ZOMBIE THREAD ALERT: This thread hasn't been posted on for a while.
A thread for those questions you wouldn't dare ask in real life/normally!(415 Posts)
Please feel free to ask questions and if I know the answer I will tell you, also feel free to answer others questions!
stupid question is
Would I be able to see nits in my sons very short hair if he had them? (He has short brown hair)?
It can feel a bit tingly & arousing to BF, esp when you get the let down of milk. After all oxytocin is the same hormone that causes milk ejection & orgasm!
I posted a load of nonsense there. Basically I did not find it arousing at all but I don't like my partner sucking them. It feels nice to bf. Apart from early days when it's very ouchy.
Sorry for the repeat posts.
Message withdrawn at poster's request.
Message withdrawn at poster's request.
Message withdrawn at poster's request.
Regarding memories I was always taught that you can't recall memories from before 2-3 years old.. So memories and language are related. People's earliest memories tend to be about three year old once they have acquired language. I don't know though why some people have memories pre language acquisition tho??
I'm not a mum but I have always wondered, what does breast feeding feel like? I mean is it ever arousing...like having your nipples sucked by a partner would be..?
I'd like to know what happened to the gold, frankincense and myrrh that were given to the baby Jesus.
To answer Lioninthesun's question.
When mosquitos bite you they inject you with an anaesthetic so that you don't notice them sucking your blood. When a mosquito feeds off a person with malaria they take up immature parasites which go through several stages of their life cycle within the mosquito. When they are ready to infect a person they move into the glands that produce the anaesthetic so they can be injected into a new human host.
HIV doesn't do any of those things. Viruses are small enough that there's the possibility that there would still be a couple hanging onto the mosquito's proboscis if it had very recently fed on someone with HIV but it is unlikely that one or two virus particles would be enough to actually lead to HIV infection.
That's actually how they normally find genes that are involved in a particular disease. They get a load of people, half of whom have the disease and the other half don't. Then they look at a certain number of sites on each chromosome that are known to be variable. Then they see if any of the variants are more common in people who have the disease than in the people who don't. If anything stands out then they can look in more detail at that part of the genome by looking at lots of variable sites in that area. Then it's a case of looking at the genes in that area to see if they can come up with a reason why any of them might be involved in a particular disease and comparing the gene sequence from people with the disease to that of people without it.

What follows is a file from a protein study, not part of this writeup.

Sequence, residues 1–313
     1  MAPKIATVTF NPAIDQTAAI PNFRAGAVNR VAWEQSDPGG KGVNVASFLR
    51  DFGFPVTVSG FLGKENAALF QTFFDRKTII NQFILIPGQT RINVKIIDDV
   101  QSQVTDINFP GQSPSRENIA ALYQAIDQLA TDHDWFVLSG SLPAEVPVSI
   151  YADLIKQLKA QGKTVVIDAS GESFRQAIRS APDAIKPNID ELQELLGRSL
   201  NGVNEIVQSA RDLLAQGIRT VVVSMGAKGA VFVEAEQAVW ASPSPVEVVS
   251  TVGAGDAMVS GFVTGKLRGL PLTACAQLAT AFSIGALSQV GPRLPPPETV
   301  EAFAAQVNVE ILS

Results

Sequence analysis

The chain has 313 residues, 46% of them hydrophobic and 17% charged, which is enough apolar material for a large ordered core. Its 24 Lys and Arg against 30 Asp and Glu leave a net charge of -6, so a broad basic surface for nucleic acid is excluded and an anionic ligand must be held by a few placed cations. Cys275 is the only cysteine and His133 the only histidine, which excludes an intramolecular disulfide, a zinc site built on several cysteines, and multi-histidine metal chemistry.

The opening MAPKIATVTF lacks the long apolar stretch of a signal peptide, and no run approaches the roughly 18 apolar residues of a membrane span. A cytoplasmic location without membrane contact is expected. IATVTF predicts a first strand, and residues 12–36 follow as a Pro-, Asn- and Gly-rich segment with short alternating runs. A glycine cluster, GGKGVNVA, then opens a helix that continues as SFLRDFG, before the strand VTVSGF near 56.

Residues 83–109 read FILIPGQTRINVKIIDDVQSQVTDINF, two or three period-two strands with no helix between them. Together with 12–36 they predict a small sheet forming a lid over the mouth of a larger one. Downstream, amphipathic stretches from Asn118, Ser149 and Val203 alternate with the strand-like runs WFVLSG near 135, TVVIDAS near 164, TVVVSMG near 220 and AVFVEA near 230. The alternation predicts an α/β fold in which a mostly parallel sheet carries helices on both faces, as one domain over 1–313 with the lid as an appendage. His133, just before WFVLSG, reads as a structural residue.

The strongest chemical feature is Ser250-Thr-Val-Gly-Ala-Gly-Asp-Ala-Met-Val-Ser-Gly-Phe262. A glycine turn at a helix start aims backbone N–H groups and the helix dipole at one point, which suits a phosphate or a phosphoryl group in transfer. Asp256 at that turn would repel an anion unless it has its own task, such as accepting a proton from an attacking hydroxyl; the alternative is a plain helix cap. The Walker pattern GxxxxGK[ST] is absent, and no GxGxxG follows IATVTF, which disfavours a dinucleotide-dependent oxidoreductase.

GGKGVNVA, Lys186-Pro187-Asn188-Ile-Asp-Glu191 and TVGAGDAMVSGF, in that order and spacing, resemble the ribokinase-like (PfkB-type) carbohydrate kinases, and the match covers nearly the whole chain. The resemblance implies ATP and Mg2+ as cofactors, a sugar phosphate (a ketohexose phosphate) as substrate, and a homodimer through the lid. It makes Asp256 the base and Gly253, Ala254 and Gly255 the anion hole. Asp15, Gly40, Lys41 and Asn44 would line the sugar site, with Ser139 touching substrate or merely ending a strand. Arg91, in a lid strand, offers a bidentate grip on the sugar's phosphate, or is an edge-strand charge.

QueenStromba - that's a brilliant explanation. It really points out that the notion that "the survival of the fittest" doesn't mean what it's often believed to mean. But it also points out that although the media tends to talk about a gene for "this" or a gene for "that", (and, to be fair, scientists are often looking at specific gene sequences), what actually happens in the swapping of genetic material in sexual reproduction isn't always precise.
The rhesus negative thing looks to me like a case of there being some reason why (historically at least) there has been an advantage to having either one or two rhesus negative genes which is greater than the disadvantage of losing some of your children because of it.
You see this in the case of sickle cell anaemia. Having two copies of the gene makes you sick but having one copy makes you resistant to malaria. The advantage you get from having one copy outweighs the fact that having two copies makes you sick so the gene stays in the population at a much higher rate than it would usually.
A quick google tells me that some people think that toxoplasmosis might have been the reason why there are fare more rhesus negatives about than you would expect.
It's also possible that the rhesus negative gene isn't beneficial at all but just happens to be very close on the chromosome to a variant of a gene that is highly beneficial. Say you have a gene variant that extends your child bearing years by a few years - that means you have a few more children and some of them will have a few more children etc. The number of the people in the population with the gene increases. If one of those people picks up a mutation in the rhesus gene which is right next to the beneficial gene then that will also increase in the population. There might only be a 0.01% chance that those genes will end up on different copies of the chromosome in your offspring so these two gene variants would likely stay next to each other for thousands of years.
While the genes aren't very common in the population you are very unlikely to end up being rhesus negative because both of your parents would need to have the genes so you get all of the benefit and none of the downside. By the time it is prevalent enough that you start getting rhesus negative people you've also got a decent chance of having a partner who has one copy of the rhesus negative gene. Even if all of your babies are rhesus positive it may not be a problem. The effect of having two copies of the good gene may not be entirely cancelled out by losing some babies due to them being rhesus positive or you might just end up a little bit worse off in terms of number of offspring compared with someone who has no copies of the good gene. The latter would be cancelled out by the people with one copy having more children so the genes stay in the population.
What is 'nothing'? if you imagine nothing to be a big space then it can't be nothing because there is a space there which must be comprised of...something. I lay in bed as a child thinking about that one.
I'm O negative, where does it come from? why do I have a blood group that, until recently and the intervention of medicine, would have killed off my positive babies? foetus rejection because of blood incompatibility is unheard of in any other species. For what reason? does nature not want negative and positive people to procreate? if not, why not? Other blood groups are accounted for, why not mine? Is it possible that we're a slightly different species of human being, in the way you get different species under the primate umbrella, hence naturally we have problems producing healthy children? science has made this a non issue and + children born to - mothers are perfectly normal so what was the problem in the first place?